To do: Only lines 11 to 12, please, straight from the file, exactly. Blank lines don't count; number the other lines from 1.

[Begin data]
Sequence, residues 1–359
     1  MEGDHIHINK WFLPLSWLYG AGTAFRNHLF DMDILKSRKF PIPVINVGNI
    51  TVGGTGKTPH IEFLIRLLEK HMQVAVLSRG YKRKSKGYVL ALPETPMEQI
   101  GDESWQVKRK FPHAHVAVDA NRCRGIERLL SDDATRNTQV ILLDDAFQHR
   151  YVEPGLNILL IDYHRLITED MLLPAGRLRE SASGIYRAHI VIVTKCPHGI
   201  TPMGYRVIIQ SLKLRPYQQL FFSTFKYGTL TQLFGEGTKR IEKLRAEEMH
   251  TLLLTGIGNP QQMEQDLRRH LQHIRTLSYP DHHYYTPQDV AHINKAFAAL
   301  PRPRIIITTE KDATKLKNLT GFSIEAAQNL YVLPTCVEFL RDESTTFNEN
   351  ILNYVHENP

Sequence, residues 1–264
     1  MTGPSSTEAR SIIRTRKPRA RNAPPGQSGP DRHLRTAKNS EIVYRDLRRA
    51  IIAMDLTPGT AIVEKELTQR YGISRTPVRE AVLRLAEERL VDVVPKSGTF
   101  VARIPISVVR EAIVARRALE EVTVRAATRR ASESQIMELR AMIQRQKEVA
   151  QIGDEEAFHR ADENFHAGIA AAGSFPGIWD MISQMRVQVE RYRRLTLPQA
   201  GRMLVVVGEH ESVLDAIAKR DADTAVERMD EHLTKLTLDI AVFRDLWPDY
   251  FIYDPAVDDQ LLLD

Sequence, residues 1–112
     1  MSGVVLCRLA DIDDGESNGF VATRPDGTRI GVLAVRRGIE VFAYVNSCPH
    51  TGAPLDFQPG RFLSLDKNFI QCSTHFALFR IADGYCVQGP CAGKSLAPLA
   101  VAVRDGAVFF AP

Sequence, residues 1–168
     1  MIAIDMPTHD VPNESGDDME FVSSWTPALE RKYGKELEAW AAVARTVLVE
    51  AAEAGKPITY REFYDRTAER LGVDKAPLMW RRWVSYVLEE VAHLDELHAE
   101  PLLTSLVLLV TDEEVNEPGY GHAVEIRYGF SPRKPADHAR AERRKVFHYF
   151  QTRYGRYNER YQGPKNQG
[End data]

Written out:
     1  MTGPSSTEAR SIIRTRKPRA RNAPPGQSGP DRHLRTAKNS EIVYRDLRRA
    51  IIAMDLTPGT AIVEKELTQR YGISRTPVRE AVLRLAEERL VDVVPKSGTF